for Ports and Terminals
of the future
Ports in Southeast Asia have seen a surge in throughput in recent years in part due to the geopolitical climate and the Covid-19 pandemic. At the same time, the maritime industry has been gearing towards the change along the whole value chain to operate more efficiently and with greater sustainability to meet international decarbonisation targets. The pressure is rising to ports to transform in order to stay competitive, attract shipping lines to berth and be future-ready.
WHAT MAKES A PORT BETTER?
Time is money, which is why efficiency at ports is highly valued. An efficiently-run port maintains assets in tiptop condition to prevent breakdowns. This requires regular routine inspection and asset health checks. Ideally, a budget should also be set aside for digitalisation to improve operational efficiency, and training to ensure effective application.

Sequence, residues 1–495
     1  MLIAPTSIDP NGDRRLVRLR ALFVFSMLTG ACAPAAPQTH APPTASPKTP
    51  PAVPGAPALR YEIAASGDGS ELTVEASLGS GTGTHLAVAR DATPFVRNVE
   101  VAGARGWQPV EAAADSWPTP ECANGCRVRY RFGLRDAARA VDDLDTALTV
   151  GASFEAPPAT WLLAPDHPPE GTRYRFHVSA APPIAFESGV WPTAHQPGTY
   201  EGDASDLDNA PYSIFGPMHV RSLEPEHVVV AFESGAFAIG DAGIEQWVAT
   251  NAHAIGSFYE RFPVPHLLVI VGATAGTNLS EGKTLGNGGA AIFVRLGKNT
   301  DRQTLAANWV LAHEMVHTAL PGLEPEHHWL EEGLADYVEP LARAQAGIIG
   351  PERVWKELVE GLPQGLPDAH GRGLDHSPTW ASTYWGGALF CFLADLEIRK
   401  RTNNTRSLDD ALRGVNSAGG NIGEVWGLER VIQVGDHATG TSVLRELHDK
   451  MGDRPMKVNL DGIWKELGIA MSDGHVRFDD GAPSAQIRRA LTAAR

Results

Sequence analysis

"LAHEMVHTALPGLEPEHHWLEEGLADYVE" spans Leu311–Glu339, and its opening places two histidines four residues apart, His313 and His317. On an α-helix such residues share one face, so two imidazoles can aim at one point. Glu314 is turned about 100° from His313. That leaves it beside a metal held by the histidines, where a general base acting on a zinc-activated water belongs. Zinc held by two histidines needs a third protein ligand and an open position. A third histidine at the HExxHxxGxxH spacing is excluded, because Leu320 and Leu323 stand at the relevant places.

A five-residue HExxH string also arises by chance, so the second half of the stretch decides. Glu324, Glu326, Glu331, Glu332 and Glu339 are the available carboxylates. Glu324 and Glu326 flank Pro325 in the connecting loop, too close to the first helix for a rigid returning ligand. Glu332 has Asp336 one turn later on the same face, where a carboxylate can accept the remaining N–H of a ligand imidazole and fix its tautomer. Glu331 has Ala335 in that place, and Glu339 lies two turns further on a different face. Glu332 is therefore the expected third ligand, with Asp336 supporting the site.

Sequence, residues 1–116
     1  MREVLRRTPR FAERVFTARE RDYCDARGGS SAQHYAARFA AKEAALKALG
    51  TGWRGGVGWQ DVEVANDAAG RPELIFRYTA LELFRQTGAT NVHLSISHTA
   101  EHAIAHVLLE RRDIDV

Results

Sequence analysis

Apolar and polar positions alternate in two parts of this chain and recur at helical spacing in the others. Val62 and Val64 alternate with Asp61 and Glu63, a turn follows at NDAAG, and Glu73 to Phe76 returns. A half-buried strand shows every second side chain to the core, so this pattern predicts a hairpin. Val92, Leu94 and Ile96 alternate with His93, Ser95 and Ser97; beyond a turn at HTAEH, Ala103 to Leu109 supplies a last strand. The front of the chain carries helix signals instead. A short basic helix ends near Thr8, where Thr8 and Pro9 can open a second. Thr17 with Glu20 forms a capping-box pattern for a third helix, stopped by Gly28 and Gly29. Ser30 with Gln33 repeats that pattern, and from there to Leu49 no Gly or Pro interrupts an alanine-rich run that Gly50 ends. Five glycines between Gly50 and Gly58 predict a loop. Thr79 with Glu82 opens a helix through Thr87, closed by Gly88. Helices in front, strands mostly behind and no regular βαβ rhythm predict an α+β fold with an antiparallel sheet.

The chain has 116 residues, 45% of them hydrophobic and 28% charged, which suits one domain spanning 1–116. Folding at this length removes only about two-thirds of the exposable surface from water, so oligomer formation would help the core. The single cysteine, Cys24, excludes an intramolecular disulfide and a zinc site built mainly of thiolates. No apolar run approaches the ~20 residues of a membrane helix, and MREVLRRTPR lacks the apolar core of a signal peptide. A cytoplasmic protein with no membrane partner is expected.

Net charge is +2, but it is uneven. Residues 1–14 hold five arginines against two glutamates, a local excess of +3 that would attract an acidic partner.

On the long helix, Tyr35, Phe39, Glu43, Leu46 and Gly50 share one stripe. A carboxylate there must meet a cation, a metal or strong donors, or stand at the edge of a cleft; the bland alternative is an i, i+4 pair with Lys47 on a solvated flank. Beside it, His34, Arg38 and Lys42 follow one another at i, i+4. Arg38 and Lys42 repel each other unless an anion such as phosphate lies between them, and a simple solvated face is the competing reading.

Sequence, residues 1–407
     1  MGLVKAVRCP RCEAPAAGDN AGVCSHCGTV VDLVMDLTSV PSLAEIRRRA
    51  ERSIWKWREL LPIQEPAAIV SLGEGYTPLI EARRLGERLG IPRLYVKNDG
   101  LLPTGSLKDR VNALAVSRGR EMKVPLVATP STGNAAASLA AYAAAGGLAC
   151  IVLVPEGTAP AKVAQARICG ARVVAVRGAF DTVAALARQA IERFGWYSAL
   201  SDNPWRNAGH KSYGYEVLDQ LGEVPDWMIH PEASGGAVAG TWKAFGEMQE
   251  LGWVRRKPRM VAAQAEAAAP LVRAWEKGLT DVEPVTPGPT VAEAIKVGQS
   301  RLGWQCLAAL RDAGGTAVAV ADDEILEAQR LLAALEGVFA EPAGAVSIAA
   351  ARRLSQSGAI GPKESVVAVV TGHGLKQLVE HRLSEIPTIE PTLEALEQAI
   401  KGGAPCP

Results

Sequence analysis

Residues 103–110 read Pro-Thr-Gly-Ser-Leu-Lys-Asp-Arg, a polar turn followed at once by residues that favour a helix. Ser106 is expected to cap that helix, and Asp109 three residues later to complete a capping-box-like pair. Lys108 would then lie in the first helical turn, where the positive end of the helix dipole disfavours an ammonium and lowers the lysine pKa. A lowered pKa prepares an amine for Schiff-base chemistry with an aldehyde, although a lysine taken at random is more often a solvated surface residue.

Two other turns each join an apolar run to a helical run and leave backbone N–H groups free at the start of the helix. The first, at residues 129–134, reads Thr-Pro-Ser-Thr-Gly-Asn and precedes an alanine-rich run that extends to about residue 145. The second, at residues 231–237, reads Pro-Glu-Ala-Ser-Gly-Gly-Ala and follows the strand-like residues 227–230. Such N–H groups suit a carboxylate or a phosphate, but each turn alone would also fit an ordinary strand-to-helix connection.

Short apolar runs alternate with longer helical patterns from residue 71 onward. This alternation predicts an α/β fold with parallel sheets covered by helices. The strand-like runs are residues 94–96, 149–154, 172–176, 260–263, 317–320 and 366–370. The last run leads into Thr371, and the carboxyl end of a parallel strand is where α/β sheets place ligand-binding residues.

ABLE TO REDUCE CARBON EMISSIONS
When you make it east for ships to dock and undock in the shortest possible time, you enable speedier unloading and loading of containers or commodities. This results in a higher number of ships accepted in a fixed timeframe.
Whit this, the vessels burn less fuel while waiting in line, which helps reduce their carbon emission. As a bonus, it enables shipping lines to trade carbon credits and contribute to global decarbonization initiaves, and at the same time report better ESG in their annual report.
ABLE TO LOWER CARBON CONSUMPTION
Investing in electricity-powered tugboats and harbourcrafts as well as electrified zero-emission yard equipment such as RTGs, forklifts etc. will help reduce carbon consumption in the long run. Shoreside charging stations (EVCS) that will allow docking vessels to 'plug-in' to power units within the port complex will also be an attractive option.
Ports of the future must align towards international maritime targets of reducing greenhouse gas emissions and improving sustainability. Being certified to ISO 14064, OSHAS, etc. shows commitment towards this goal.